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Vector competence of the tick Ixodes ricinus for transmission of Bartonella birtlesii.

Reis C, Cote M, Le Rhun D, Lecuelle B, Levin ML, Vayssier-Taussat M, Bonnet SI - PLoS Negl Trop Dis (2011)

Bottom Line: We used a murine model to assess the vector competence of Ixodes ricinus for Bartonella birtlesii.Larval and nymphal I. ricinus were fed on a B. birtlesii-infected mouse.Consequently, bartonelloses should be now included in the differential diagnosis for patients exposed to tick bites.

View Article: PubMed Central - PubMed

Affiliation: Institut National de la Recherche Agronomique, USC INRA Bartonella-Tiques, ANSES, Maisons-Alfort, France.

ABSTRACT
Bartonella spp. are facultative intracellular vector-borne bacteria associated with several emerging diseases in humans and animals all over the world. The potential for involvement of ticks in transmission of Bartonella spp. has been heartily debated for many years. However, most of the data supporting bartonellae transmission by ticks come from molecular and serological epidemiological surveys in humans and animals providing only indirect evidences without a direct proof of tick vector competence for transmission of bartonellae. We used a murine model to assess the vector competence of Ixodes ricinus for Bartonella birtlesii. Larval and nymphal I. ricinus were fed on a B. birtlesii-infected mouse. The nymphs successfully transmitted B. birtlesii to naïve mice as bacteria were recovered from both the mouse blood and liver at seven and 16 days after tick bites. The female adults successfully emitted the bacteria into uninfected blood after three or more days of tick attachment, when fed via membrane feeding system. Histochemical staining showed the presence of bacteria in salivary glands and muscle tissues of partially engorged adult ticks, which had molted from the infected nymphs. These results confirm the vector competence of I. ricinus for B. birtlesii and represent the first in vivo demonstration of a Bartonella sp. transmission by ticks. Consequently, bartonelloses should be now included in the differential diagnosis for patients exposed to tick bites.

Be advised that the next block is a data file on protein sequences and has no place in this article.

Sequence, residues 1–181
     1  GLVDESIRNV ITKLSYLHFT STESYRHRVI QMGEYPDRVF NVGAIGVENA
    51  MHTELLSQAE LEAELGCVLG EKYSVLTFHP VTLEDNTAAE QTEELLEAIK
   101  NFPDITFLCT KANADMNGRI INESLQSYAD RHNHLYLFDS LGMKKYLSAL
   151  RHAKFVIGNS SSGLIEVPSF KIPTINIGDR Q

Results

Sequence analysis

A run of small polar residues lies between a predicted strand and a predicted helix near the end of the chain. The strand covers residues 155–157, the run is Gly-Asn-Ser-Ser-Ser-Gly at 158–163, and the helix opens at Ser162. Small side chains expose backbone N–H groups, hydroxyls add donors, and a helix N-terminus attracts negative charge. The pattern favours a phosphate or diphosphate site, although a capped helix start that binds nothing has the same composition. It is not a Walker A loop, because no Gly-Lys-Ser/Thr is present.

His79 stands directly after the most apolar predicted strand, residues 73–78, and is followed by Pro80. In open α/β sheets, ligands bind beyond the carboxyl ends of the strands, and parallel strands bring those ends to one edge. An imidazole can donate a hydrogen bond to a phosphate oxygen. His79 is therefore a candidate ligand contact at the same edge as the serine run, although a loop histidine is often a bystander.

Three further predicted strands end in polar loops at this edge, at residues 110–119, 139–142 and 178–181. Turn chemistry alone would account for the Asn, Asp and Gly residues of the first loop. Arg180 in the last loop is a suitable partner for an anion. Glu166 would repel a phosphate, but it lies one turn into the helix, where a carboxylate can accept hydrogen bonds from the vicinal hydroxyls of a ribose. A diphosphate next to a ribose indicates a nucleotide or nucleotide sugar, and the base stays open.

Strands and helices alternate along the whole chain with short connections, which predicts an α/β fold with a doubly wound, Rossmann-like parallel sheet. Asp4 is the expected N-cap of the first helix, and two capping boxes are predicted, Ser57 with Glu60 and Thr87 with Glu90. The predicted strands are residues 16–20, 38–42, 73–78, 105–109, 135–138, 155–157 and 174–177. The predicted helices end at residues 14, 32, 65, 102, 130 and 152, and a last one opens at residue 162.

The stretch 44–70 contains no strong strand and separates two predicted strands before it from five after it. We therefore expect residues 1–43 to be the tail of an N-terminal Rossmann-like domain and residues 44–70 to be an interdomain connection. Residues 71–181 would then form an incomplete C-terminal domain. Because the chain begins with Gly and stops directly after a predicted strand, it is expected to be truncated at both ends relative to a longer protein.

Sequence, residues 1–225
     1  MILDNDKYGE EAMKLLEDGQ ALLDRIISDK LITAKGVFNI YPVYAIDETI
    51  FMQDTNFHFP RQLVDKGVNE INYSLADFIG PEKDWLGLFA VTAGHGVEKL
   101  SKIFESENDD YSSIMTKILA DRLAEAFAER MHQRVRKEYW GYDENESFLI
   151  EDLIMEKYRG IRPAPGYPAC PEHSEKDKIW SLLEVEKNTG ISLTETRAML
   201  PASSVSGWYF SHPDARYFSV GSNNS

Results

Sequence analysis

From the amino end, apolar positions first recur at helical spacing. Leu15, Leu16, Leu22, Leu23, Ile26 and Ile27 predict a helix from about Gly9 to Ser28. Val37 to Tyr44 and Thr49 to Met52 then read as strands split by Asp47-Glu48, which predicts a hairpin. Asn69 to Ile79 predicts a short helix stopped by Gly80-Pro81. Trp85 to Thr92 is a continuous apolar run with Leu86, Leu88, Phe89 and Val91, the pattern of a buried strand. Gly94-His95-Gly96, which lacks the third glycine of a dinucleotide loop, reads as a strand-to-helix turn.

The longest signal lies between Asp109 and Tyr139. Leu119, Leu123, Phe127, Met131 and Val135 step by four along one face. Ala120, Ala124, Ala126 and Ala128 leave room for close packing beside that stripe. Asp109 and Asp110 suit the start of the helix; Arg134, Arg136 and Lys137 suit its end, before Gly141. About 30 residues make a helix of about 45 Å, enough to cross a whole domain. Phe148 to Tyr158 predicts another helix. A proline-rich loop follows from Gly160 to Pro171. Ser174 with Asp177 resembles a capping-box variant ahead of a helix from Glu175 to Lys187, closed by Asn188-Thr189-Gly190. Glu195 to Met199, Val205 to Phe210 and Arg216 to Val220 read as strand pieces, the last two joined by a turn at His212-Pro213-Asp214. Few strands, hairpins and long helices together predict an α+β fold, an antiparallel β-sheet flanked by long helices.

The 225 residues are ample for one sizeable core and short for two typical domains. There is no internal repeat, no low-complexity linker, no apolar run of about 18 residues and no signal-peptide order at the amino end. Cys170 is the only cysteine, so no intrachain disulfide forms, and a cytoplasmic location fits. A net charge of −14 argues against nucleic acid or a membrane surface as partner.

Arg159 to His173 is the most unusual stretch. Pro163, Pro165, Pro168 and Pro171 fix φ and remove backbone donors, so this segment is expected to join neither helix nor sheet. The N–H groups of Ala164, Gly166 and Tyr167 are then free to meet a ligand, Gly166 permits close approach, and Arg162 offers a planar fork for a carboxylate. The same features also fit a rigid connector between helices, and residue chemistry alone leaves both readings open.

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Mouse infection by nymph ticks.Detection of Bartonella in 6-day old liquid medium cultures inoculated with blood of a mouse fed upon by B. birtlesii-infected I. ricinus nymphs by A. semi-nested PCR. Lines D0, D7, and D16 represent blood samples taken on days 0, 7, and 16 after tick placement respectively; T+ – B. birtlesii DNA; M – molecular mass marker. B. immunofluorescence assay. D-0, D-7, and D-16 represent blood samples taken on days 0, 7, and 16 after tick placement respectively.
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pntd-0001186-g001: Mouse infection by nymph ticks.Detection of Bartonella in 6-day old liquid medium cultures inoculated with blood of a mouse fed upon by B. birtlesii-infected I. ricinus nymphs by A. semi-nested PCR. Lines D0, D7, and D16 represent blood samples taken on days 0, 7, and 16 after tick placement respectively; T+ – B. birtlesii DNA; M – molecular mass marker. B. immunofluorescence assay. D-0, D-7, and D-16 represent blood samples taken on days 0, 7, and 16 after tick placement respectively.

Mentions: PCR detected the presence of Bartonella spp. DNA in Schneider Drosophila medium inoculated with blood samples from each of the three mice on days seven and 16, but not on day zero (Figure 1A). All amplified fragments were 100% identical to the B. birtlesii corresponding fragment of the 16S rRNA gene (accession number AF204274). B. birtlesii was also detected in the same samples by immunofluorescence (Figure 1B). This confirms the presence and viability of B. birtlesii bacteria in the blood of mice fed upon by B. birtlesii-infected ticks.